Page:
By Adriana Ermter Seasoned travelers know well that Japan looks…
From the Middle East and coffee to men’s colognes, cardamom is this season’s favoured fragrance note
“He says you won’t like it, that it’s too spicy,” says my translator. Without lifting my head from deep inside a huge burlap sack filled with dark coffee beans mixed with whole cardamom seeds I answer, “Nope. I’ll take a pound.”
I’m in Amman, Jordan, sniffing the goods at one of the city’s best coffee stores. Surrounded by local women—their stunningly made-up faces an exquisite contrast against their black burkas—my equally blonde photographer and I stand out. Disheveled and dusty from 12 hours spent in the country’s oldest refugee camp, we’re Arabic-coffee newbs and it’s clear the shop owner and his customers think I’m out of my element. They’re right.
I am far away from home where coffee’s ordered to go, one half-caf-skim-milk-lots-of-foam grande latte at a time. But they’re wrong about my coffee choice. Over the past two weeks, the matriarchs of the families whose homes we were invited into served steaming cups of the dark brew while I conducted my interviews. I was hooked on my first sip.
A Spiced History
In the Middle East, drinking cardamom-infused coffee is a ritual with history that goes back centuries. In the 1200s it was rumoured to help Bedouins stay alert during long travels through the desert. Later, is was used as a stimulant for all-day prayers. Indigenous to the region, where the beverage is served black with a healthy helping of sugar, cardamom gives the bitter Arabic bean an exotic and flavourful spice. The same qualities it is revered for in perfume.
After saffron and vanilla, cardamom is perfumery’s third most expensive spice. And while in ancient times, the Egyptians were said to have used it in perfumes and incense and to whiten their teeth, its essentials oils are now favoured for their woody, sweet, somewhat nutty and aromatic scent.
“It’s subtle and spicy and often reminds me of the smell of suede,” says Ruth Sutcliffe, the founder of The Scent Guru Group in Greenwich, Connecticut. “There’s usually just a nuance of it to add depth, spiciness or what I describe as a masculine, leathery effect.”
A Fragrant Future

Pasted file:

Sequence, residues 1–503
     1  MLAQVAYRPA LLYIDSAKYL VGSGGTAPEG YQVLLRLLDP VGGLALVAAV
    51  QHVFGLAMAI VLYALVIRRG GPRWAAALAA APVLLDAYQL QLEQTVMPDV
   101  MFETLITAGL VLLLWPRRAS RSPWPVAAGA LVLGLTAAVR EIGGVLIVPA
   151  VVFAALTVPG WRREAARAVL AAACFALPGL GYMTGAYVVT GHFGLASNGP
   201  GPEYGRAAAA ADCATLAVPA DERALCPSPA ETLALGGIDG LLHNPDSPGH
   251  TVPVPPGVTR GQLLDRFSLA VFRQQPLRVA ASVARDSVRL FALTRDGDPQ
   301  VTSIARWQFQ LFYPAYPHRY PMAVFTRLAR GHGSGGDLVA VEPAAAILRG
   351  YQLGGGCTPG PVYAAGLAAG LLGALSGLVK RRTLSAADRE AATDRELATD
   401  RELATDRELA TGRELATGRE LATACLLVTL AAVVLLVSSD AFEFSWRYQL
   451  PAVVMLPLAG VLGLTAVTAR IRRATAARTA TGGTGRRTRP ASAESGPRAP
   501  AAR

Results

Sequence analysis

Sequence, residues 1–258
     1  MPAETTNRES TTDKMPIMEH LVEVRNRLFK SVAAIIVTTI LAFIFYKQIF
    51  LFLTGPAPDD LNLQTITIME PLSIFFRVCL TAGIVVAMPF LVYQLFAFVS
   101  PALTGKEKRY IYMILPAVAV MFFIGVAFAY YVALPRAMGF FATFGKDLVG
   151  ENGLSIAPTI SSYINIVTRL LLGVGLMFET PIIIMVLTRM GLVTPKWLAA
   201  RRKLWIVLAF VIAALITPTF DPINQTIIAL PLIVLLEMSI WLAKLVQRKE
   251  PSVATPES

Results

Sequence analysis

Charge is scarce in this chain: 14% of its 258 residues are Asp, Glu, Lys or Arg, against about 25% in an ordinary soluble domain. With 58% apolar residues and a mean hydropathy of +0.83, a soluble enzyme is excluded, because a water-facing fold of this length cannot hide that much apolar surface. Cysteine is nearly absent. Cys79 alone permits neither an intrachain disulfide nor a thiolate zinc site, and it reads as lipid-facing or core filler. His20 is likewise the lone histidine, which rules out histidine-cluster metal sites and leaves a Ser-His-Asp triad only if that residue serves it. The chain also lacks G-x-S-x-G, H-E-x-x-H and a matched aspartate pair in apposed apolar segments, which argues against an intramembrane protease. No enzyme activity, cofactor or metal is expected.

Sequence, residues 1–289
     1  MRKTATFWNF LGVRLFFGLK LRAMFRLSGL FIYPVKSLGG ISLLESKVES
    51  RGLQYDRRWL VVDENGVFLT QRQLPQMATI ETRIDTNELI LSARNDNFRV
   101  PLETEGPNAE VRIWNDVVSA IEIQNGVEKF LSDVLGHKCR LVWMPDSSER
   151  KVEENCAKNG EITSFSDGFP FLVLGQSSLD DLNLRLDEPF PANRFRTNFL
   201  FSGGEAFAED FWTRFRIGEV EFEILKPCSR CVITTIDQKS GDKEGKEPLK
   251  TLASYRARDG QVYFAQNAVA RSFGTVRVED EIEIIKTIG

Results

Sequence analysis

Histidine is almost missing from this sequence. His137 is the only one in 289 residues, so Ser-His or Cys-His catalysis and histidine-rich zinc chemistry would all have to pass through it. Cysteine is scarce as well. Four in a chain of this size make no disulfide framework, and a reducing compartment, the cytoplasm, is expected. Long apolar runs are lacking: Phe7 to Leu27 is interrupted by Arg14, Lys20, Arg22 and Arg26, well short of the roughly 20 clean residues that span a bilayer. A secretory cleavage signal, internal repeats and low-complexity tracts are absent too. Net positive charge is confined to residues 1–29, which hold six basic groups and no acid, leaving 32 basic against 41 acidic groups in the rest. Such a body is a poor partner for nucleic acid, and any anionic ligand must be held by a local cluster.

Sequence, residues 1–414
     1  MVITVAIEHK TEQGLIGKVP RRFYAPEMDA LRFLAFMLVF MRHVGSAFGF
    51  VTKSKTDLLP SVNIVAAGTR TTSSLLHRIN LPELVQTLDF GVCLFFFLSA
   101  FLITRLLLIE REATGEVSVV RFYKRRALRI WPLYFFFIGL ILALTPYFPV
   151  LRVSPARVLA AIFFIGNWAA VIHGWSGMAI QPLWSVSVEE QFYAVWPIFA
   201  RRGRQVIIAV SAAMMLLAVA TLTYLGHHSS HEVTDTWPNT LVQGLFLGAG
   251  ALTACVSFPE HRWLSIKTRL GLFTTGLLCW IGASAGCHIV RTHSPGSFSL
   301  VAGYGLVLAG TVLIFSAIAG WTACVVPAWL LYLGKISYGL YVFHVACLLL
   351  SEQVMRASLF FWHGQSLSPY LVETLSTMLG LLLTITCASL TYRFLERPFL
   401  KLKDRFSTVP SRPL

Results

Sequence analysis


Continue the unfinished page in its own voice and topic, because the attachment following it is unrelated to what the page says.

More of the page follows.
Formerly used almost exclusively in colognes, the spicy note was swirled into men’s scents commencing with Parfums Berdoues Mandarine & Cuir cologne in 1902, Novaya Zarya Classique in 1958, Gap Blue No.655 For Him in 1997, Dolce & Gabbana The One for Men in 2008 and Ermenegildo Zegna Z Zegna Shanghai in 2016, to name a few. Most recently, it has been mixed into Burberry Mr. Burberry for a warm and woody, balsamic finish. Its status quo, however, is changing and cardamom is now as equally favoured in perfume marketed to women.
“It adds a particular sophistication and subtle masculinity and coziness to fragrance,” explains Sutcliffe. “Perhaps it’s just a new note to use because we have run the trend of other spices, like all the various peppers, for instance.”
With perfume houses integrating the note into their feminine eaus, the variety of the scent is abundant. The result is fresh and aromatic with a blend of citrus, fig, tea, cashmere and wood in NEST Indigo. Soft, warm and spicy with a hint of cinnamon in Demeter Cardamom. Sweet, powdery and floral in Jo Malone London Mimosa & Cardamom and, much like the favoured Middle Eastern beverage, warm, nutty and flavourful with a touch of spiced coffee in By Kilian Intoxicated.
“While it’s almost never the main note in a perfume, cardamom gives a unique twist to a formula,” says Sutcliffe. “Enhancing it either in a suede like way or a mysterious spicy way.”
Kind of like how it now enhances my morning brew. Back in Jordan, I was right when I made my coffee choice. My only regret is that I didn’t buy more than one pound.
Try these perfumes with a cardamom note
This aromatic fougere includes notes of tarragon, grapefruit, lavender and vetiver alongside cardamom for a fresh, herbaceous fragrance. Burberry Mr. Burberry EDP, $145 (150 ml), www.thebay.com
Coffee, cinnamon, nutmeg and cardamom combine for a nutty, spicy, rich perfume. By Kilian Intoxicated, $375 (50 ml), www.nordstrom.com
Cinnamon and cardamom offer a straightforward take on this note trend. Demeter Cardamom, $40, (100 ml), www.demeterfragrance.com
The trio of tonka bean, mimosa and cardamom create an aromatic and floral spritz that isn’t too heavy. Jo Malone London Mimosa & Cardamom, $165 (100ml), www.holtrenfrew.com
Cardamom mingles with tea, bergamot, fig and cashmere for a sultry, comforting fragrance. NEST Indigo, $88 (50 ml) www.sephora.com